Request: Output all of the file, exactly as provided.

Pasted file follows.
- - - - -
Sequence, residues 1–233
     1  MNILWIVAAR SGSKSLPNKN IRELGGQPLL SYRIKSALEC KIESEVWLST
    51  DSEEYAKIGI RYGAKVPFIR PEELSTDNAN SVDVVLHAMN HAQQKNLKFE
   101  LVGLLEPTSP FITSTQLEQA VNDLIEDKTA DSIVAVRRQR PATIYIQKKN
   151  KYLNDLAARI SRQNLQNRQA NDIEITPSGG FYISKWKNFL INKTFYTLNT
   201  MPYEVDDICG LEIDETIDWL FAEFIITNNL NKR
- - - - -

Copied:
Sequence, residues 1–233
     1  MNILWIVAAR SGSKSLPNKN IRELGGQPLL SYRIKSALEC KIESEVWLST
    51  DSEEYAKIGI RYGAKVPFIR PEELSTDNAN SVDVVLHAMN HAQQKNLKFE
   101  LVGLLEPTSP FITSTQLEQA VNDLIEDKTA DSIVAVRRQR PATIYIQKKN
   151  KYLNDLAARI SRQNLQNRQA NDIEITPSGG FYISKWKNFL INKTFYTLNT
   201  MPYEVDDICG LEIDETIDWL FAEFIITNNL NKR